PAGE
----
and submitted September 29, 2015
County Circuit Court 111050998 Gregory F. Silver, Judge.
P. Seltzer, Deputy Public Defender, argued the cause for
appellant. With her on the brief was Peter Gartlan, Chief
Defender, Offce of Public Defense Services.
Ferrall, Assistant Attorney General, argued the cause for
respondent. With her on the brief were Ellen F. Rosenblum,
Attorney General, and Anna M. Joyce, Solicitor General.
Duncan, Presiding Judge, and DeVore, Judge, and Flynn, Judge
appeals the trial court's judgment, asserting that the
trial court erred when it found him guilty of failure to
appear on a criminal citation, ORS 133.076, without
determining whether defendant knew-at the time that he failed
to appear-that he was required to do so. Held: Under
ORS 133.076, the state was required to prove that defendant
knew of his obligation to appear in court at the time of his
failure to appear. The trial court concluded that the state
did not need to prove defendant's awareness at that time
and, therefore, convicted defendant under an erroneous legal
theory and without making a required fending.
for failure to appear on a criminal citation reversed and
remanded; otherwise affirmed.
DUNCAN, P. J.
criminal case, defendant appeals the trial court's
judgment convicting him of multiple offenses, asserting that
the trial court erred when it found him guilty of failure to
appear on a criminal citation, ORS 133.076, following a bench
trial. The issue in this case is whether ORS
133.076 requires the state to prove that defendant knew-on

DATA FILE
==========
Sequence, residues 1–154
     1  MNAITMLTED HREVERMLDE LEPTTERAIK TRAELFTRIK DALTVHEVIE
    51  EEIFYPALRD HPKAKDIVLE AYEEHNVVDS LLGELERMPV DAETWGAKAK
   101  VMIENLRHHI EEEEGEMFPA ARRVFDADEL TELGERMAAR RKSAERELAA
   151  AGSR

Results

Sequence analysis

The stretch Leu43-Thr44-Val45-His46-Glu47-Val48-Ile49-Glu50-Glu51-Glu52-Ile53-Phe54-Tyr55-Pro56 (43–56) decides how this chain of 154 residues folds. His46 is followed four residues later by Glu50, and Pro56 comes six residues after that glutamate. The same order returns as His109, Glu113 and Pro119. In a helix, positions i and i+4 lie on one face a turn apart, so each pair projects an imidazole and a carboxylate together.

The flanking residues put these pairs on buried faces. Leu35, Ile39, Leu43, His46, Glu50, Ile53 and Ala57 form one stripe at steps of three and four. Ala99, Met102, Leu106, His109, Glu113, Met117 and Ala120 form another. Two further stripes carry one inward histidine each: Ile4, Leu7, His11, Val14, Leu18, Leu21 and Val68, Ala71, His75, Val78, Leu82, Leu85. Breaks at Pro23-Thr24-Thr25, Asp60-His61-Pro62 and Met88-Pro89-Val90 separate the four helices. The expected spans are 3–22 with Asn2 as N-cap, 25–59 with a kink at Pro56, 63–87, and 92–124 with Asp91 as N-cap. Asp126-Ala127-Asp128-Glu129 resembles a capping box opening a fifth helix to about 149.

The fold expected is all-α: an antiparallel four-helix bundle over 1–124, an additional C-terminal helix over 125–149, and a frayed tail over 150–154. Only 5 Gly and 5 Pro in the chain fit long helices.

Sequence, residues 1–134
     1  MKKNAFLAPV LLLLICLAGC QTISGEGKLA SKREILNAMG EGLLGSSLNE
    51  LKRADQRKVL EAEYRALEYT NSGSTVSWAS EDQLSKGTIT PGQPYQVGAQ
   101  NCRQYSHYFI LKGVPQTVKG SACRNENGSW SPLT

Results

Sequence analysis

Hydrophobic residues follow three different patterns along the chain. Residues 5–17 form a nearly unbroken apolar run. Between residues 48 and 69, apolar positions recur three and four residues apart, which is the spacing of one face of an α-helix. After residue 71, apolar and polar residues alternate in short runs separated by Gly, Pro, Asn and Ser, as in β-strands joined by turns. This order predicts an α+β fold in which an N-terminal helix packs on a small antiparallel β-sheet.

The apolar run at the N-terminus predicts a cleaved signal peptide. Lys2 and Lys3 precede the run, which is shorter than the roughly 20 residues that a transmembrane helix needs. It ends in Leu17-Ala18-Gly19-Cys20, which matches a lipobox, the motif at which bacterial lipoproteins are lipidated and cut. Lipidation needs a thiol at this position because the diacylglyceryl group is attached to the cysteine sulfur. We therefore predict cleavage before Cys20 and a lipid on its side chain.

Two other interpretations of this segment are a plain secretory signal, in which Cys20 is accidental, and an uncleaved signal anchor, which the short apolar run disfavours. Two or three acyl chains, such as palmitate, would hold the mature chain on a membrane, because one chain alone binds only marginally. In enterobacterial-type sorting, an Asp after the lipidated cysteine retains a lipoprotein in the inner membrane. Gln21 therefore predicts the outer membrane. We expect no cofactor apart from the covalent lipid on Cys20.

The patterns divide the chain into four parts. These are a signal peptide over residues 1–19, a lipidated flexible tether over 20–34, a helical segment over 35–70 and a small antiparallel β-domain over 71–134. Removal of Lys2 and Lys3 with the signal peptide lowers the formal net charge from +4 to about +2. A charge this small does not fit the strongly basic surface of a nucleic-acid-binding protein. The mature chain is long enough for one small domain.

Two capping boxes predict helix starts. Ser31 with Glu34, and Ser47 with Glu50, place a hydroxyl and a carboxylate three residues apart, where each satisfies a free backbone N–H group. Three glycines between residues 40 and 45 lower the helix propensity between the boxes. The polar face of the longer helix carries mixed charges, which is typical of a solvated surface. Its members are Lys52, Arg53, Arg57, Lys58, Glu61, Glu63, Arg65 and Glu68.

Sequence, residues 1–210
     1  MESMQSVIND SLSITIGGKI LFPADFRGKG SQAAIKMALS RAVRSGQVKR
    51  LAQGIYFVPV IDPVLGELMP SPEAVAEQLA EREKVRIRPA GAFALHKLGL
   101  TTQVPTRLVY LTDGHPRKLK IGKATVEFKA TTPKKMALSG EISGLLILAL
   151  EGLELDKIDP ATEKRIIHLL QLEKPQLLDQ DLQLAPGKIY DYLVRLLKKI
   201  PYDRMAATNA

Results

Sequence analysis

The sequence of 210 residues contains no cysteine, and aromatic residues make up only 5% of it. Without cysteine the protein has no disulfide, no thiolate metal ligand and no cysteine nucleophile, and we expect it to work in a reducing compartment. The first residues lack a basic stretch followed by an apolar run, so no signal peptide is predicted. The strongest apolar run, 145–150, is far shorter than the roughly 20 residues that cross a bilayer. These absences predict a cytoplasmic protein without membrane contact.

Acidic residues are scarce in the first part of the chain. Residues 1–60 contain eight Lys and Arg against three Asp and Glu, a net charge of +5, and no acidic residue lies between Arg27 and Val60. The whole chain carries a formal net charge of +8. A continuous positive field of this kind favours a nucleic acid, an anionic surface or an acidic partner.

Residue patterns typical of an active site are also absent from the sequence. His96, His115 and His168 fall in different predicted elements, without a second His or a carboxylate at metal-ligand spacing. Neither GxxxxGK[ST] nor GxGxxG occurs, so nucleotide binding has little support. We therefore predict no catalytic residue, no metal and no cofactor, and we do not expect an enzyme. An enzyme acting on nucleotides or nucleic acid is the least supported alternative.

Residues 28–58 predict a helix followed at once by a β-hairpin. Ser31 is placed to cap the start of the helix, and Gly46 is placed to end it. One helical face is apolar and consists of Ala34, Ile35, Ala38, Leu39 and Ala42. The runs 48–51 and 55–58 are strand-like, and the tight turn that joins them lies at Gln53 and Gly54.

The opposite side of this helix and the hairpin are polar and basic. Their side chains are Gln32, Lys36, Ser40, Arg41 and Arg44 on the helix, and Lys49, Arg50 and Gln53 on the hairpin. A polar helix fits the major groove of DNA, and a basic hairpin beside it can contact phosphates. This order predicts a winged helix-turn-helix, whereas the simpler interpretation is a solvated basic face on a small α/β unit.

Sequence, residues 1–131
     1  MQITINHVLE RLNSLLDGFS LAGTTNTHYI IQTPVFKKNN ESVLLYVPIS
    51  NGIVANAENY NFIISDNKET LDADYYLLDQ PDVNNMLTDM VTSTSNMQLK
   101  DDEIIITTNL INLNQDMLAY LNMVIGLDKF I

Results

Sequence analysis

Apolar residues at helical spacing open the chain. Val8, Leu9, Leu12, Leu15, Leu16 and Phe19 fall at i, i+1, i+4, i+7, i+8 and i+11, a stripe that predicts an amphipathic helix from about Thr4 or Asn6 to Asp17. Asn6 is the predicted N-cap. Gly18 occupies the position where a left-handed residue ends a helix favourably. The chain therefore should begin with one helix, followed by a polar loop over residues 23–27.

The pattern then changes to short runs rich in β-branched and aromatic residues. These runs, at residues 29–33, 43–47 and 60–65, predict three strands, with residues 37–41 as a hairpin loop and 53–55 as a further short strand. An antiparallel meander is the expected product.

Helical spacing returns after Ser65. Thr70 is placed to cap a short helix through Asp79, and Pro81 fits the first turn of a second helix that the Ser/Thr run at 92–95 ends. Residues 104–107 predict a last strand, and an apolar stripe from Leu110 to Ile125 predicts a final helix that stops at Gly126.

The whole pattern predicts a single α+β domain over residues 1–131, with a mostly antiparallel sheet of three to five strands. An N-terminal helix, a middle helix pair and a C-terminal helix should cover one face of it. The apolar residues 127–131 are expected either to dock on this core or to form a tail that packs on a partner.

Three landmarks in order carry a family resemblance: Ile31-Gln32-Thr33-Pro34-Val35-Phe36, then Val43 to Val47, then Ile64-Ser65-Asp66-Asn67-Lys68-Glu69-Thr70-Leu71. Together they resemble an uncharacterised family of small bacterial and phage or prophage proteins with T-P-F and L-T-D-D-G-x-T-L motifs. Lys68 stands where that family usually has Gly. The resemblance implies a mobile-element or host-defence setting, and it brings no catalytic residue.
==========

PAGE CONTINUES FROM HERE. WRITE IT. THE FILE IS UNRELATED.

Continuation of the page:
the day of his court date-that he was required to appear in
court. The trial court concluded that it did not need to make
a finding regarding defendant's mental state on the day
of his missed court appearance. That was error; therefore we
reverse and remand.
begin with the relevant historical and procedural facts. On
September 13, 2011, defendant was arrested and given a
citation to appear in court on October 11, 2011. Defendant
did not appear for that court date, and the state
subsequently charged him with the crime of failure to appear
on a criminal citation, which is defined by ORS
133.076.Consistent with ORS 133.076, the charging
instrument alleged that defendant "knowingly"
failed to appear.
waived his right to a jury trial, and the state tried its
case to the court. At trial, the state presented evidence
that defendant had been given the citation to appear for
court and had not appeared. Defendant did not dispute either
of those facts, but he contended that he was not guilty of
violating ORS 133.076 because he did not
"knowingly" fail to appear. In support of his
defense, defendant presented evidence that he has dementia
caused by Alzheimer's disease and that he suffers from
short-term memory loss and has difficulty remembering dates
and appointments. Defendant testified that he could not
remember what he had been doing on October 11, but he would
not intentionally miss a court date.
parties disputed whether the state had to prove that
defendant knew of his court date when he failed to appear.
The state asserted that it was required to prove only that
defendant had notice of the court date and that it did not
matter whether defendant subsequently forgot it. Defendant
disagreed, asserting that, in order to prove that he
knowingly failed to appear, the state had to prove that he
knew of his court date when he failed to appear.
trial court agreed with the state and ruled that it did not
need to find that defendant knew of his court date when he
failed to appear. In the court's view, the state was
required to prove only that defendant had received notice of
the court date. Therefore, the court concluded, what happened
after defendant received the citation was irrelevant:
"What happened after that, whether [defendant] lost the
citation, forgot about the date, got involved in other things
and just never thought about it, woke up on the morning of
October 11th, looked at his day planner, didn't see
anything written down, so did something ...